I don’t watch much live golf (I don’t have Sky), however I did see lots of coverage of golf balls flying into palm trees last weekend.  Thursday 26th – Monday 30th January saw some of the world’s top golfers battle it out in the Hero Dubai Desert Classic, played at the Emirates Golf Club, Dubai.  Patrick Reed and Rory McIlroy were making headlines before a shot had been hit, thanks to Patrick claiming Rory had snubbed him. It must have been a slow news day, as video footage shows Patrick dandering over to Rory’s practice area, exchanging a few words with Harry Diamond, whilst Rory continues with his routine.  Yes, Rory didn’t talk to Patrick and, yes, you could go as far to say that it looked like he was ignoring Patrick, but bear in mind that the American’s lawyers served Rory with a court subpoena on Christmas Eve! Patrick’s response was to chuck a LIV-branded tee at the World’s No. 1, which the media made a big deal of, but you had to watch the video footage very carefully to spot it!  The press referred to this storm in a tea cup as “teegate”.

It’s no secret that Patrick Reed isn’t very popular!  Also, his “interpretation of the rules” has been called into question by commentators and fans on several occasions, so there were lots of spectators cheering on Rory as he battled it out on the fairways.  Patrick’s final round of 65 wasn’t good enough to secure victory, as Rory sank a birdie on the final hole to finish one shot ahead and claim his third Dubai Desert Classic title, whilst cementing his position as the World’s No. 1.

It wasn’t without drama though!   On Sunday, Patrick was embroiled in controversy when his tee shot on the 17th hole appeared to end up lodged in a palm tree, 30′ above the ground! According to the Rules of Golf, if you can identify your ball, you can declare your ball unplayable and take a penalty drop underneath.  If you can’t identify your ball, you must go back and “hit three off the tee”.

According to Patrick’s initial comments after the final round, he could “see and identify” his personal marking on the golf ball—a black line with an arrow on the end—through binoculars.  “I got lucky that we were able to look through the binoculars,” he said. “You have to make sure it’s your ball. How I mark my golf balls is I always put an arrow on the end of my line, because on the Pro V1, the arrow on the end stops before it, so you can see the arrow. You could definitely see and identify the line with the arrow on the end. The rules official luckily was there to reconfirm and check it to make sure it was mine as well.”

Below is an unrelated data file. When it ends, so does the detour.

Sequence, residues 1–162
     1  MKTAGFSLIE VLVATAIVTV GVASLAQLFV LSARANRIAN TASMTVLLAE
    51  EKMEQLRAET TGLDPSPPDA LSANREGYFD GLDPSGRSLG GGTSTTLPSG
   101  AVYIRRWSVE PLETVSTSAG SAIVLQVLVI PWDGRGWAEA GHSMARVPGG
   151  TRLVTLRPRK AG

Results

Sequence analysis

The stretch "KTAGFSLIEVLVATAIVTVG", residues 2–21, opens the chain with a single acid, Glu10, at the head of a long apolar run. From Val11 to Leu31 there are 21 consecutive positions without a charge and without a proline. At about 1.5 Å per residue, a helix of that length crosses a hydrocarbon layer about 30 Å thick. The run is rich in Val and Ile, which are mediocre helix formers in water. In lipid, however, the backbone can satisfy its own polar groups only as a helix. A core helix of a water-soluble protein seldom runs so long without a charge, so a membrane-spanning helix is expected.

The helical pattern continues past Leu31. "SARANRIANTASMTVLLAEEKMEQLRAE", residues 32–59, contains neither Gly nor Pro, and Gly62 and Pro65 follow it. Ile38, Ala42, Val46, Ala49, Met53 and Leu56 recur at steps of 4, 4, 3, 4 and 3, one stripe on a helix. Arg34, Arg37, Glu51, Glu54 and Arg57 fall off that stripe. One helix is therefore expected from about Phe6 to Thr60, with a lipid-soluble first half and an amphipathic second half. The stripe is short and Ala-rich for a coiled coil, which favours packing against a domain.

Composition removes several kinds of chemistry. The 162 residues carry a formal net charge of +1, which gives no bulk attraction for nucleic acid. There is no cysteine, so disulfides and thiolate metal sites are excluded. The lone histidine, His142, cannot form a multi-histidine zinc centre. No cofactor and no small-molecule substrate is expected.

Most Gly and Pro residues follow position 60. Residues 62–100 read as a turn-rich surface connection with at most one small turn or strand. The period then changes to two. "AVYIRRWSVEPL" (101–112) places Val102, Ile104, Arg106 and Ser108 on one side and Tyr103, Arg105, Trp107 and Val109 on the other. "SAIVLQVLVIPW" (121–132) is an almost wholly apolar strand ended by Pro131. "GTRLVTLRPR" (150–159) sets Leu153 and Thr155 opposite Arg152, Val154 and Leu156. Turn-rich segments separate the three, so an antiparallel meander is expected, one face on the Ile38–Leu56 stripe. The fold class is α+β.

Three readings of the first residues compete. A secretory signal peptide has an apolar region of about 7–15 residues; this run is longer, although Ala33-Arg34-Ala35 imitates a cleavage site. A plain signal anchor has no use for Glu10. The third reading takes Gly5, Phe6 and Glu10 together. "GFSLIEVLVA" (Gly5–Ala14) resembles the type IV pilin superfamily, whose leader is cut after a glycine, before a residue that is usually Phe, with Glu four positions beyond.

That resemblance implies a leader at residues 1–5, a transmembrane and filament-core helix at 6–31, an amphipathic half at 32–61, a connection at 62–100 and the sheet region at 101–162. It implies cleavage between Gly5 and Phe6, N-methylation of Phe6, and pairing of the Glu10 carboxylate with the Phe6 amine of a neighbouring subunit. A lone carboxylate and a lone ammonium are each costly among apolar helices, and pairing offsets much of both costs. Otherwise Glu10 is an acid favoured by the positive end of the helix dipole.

The DP World Tour released a statement confirming the ruling. According to the Tour, two on-course referees and several marshals identified the tree that Reed hit his ball into, but Golf Channel analyst Brandel Chamblee later questioned their identification with a slow-motion playback.

Chamblee tweeted, “In my view the ball clearly sticks in the first palm tree, which is not the one that Reed said he was 100% sure he found his ball in.”  So, it appeared that Patrick Reed identified a ball as his, that couldn’t have been his!  The Patrick Reed haters were quick to call him a cheat. The following day Patrick published this tweet:

You can make up your own mind, however if there’s a lesson to be learned from this episode it’s “make sure you mark your ball uniquely!”

Confession – I “stole” the title for this week’s blog from The Guardian, whose report began “From Teegate to Treegate, to a denouement that was well worth the wait”!